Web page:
Copper: The relentless killer on our side
Report: Karoline Laarmann
Professor Bill Keevil, Director of the Environmental Healthcare Unit at University of Southampton’s School of Biological Sciences, was among the first microbiological researchers to experiment on copper’s efficiency against pathogenic and nonpathogenic strains of E. coli bacteria and demonstrate the inherent anti-microbial property of the metal.
Since 2009, the copper industry set up worldwide field trials in busy hospitals in the United Kingdom, Germany, Japan, the USA, Chile and South Africa, to transfer the research findings of Professor Bill Keevil and other experts into the real world of clinical practice. Participating hospital wards were fitted with copper alloy surfaces and samples were taken daily from those surfaces and compared with control surfaces. The results showed that the copper surfaces led to a 90% reduction of microbial numbers. However, does copper also reduce infection rates among patients? A current US study, introduced in the beginning of 2011, is trying to ascertain just that and the initial data reveals the effects of copper are very promising. Notably, this mineral is not new in the sphere of health. ‘Since ancient times, mankind has been aware of the beneficial properties of copper to reduce microbial infections – even though people did not understand the germ theory back then, they recognised the correlation between copper and disease protection,’ explained Bill Keevil.
‘5,000 years ago, the Egyptians, for example, used copper to transport water and to heal wounds. Later on, in the 1850s, it was noticed that, during the Parisian Cholera outbreaks, the copper workers were not affected. But while in 20th Century copper alloys were used extensively for door handles, push plates, taps or work surfaces, the development of contemporary materials, such as stainless steel and plastics, began to eliminate copper from everyday life more and more.’ Explaining how he became involved in copper research, Prof. Keevil said: ‘Back in the 1980s, we started to work on copper at the Public Health Laboratory Service’s Centre at Porton Down and subsequently at Southampton University, first in water systems and later on in contact systems. The reason for that were the outbreaks of Legionella bacteria, which caused Legionnaires’ disease in people. As a waterborne pathogen, Legionella is disseminated through drinking water and cooling systems. It showed that if people used copper pipes, the legionella numbers were much lower.
‘Then, we started to examine Escherichia coli O157, often nicknamed the ‘burger bug’ and the ‘pate bug’, respectively, for the food industry and again it showed that the pathogens died very rapidly on copper surfaces. At the same time, we saw ourselves confronted with the drug-resistant ‘super bugs’ for the first time and wondered if copper surfaces would kill these, too. ‘In the first experiments we applied wet inocula (microorganisms used in an inoculation) on surfaces. These showed that the pathogens all died within two hours of contact -- when 10 million cells were on the surface. If the number of cells was reduced to 1,000 cells – in ward environments there can be low concentrations of only 1,000 super bug cells on a surface like a door handle – they even died in 15 minutes. ‘We then developed a dry inoculum test to mimic hand contact. We put a very low volume of organisms on the surface, the surface dries almost immediately and the equivalent of dry contacts showed that even 10 million cells died in under 10 minutes. When we reduced the concentration of cells, they died even faster. So, what we now know is copper alloy begins to kill pathogens as soon as they touch the surface. When the surface is wet it takes between 45 minutes and two hours to kill 10 million germs and if it is a dry surface, it takes 10 minutes or less.’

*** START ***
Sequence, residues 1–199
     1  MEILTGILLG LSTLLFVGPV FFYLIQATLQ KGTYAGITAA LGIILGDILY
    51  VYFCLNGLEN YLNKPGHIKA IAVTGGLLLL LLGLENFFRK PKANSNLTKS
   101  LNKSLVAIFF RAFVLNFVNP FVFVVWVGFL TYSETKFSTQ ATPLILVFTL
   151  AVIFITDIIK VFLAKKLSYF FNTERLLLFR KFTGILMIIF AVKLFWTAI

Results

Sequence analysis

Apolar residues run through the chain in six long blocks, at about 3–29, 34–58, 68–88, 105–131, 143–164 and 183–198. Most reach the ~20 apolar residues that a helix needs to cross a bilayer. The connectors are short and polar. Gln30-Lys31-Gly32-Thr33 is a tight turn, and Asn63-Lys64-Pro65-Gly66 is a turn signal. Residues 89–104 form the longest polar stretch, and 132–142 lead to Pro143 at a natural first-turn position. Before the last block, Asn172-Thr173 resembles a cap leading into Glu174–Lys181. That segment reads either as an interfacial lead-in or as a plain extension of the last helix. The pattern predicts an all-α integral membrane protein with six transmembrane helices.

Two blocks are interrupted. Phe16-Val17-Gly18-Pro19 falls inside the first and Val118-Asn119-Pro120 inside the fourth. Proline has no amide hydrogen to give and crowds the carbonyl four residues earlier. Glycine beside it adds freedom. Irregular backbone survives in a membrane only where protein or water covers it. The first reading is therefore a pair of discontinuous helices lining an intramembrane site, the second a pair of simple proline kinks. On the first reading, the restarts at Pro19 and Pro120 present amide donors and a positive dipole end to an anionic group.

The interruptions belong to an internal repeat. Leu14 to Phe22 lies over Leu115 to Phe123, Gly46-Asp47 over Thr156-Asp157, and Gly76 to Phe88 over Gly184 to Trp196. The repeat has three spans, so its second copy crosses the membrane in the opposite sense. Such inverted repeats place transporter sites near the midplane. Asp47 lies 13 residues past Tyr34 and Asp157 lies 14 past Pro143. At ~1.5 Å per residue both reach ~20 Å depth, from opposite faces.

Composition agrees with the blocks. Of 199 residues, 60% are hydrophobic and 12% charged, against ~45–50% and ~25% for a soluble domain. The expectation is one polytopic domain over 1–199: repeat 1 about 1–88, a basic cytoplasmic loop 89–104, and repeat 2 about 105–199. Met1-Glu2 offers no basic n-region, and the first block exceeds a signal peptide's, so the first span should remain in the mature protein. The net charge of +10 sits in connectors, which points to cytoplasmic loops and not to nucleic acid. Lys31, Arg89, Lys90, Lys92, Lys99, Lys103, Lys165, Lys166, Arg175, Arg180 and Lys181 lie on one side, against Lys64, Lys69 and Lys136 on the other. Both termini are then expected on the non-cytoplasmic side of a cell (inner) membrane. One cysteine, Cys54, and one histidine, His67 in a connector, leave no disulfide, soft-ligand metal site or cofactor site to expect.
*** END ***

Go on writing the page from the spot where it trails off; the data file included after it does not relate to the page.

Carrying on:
How does it work? ‘Copper ions, Cu(I) and Cu(II), penetrate into the cell, where they inhibit its respiration. The copper ions also attack the DNA of the cell and destroy it, so gene transfer is no longer possible. In addition, they attack the cell membrane of Gram-negative bacteria such as E. coli, so that it becomes permeable and the membrane potential collapses. What we also found is that there is a chemical reaction called the Fenton reaction, whereby Cu(I) and Cu(II) recycling leads to the production of potent reactive oxygen species such as superoxide and hydroxyl radial: these work even faster than the copper ions themselves. When we think of shiga toxin producing E. coli (STEC), such as 0157 or the new 0104 strain involved in the German outbreak, they contain the very toxic stx genes that can be transferred as part of a lambda prophage virus which infects bacteria. We know that copper kills viruses and destroys DNA, including plasmids, so this should stop the transfer of DNA, which would include those toxic genes and also the transfer of antibody resistance from one species to another.’
So, could copper replace good hygiene practice? ‘No, even though copper is a smart material that works 24/7, you still need a normal cleaning practice and good staff hygiene. It just gives you an extra level of protection. It is also budgetfriendly; it costs similar prices to stainless steel. So if people build a new hospital, or plan to renovate their ward completely, they should definitely consider going for copper.’ Professor Keevil will present his findings at the forthcoming WHO International Conference on Prevention and Infection Control, in Geneva on 30 June.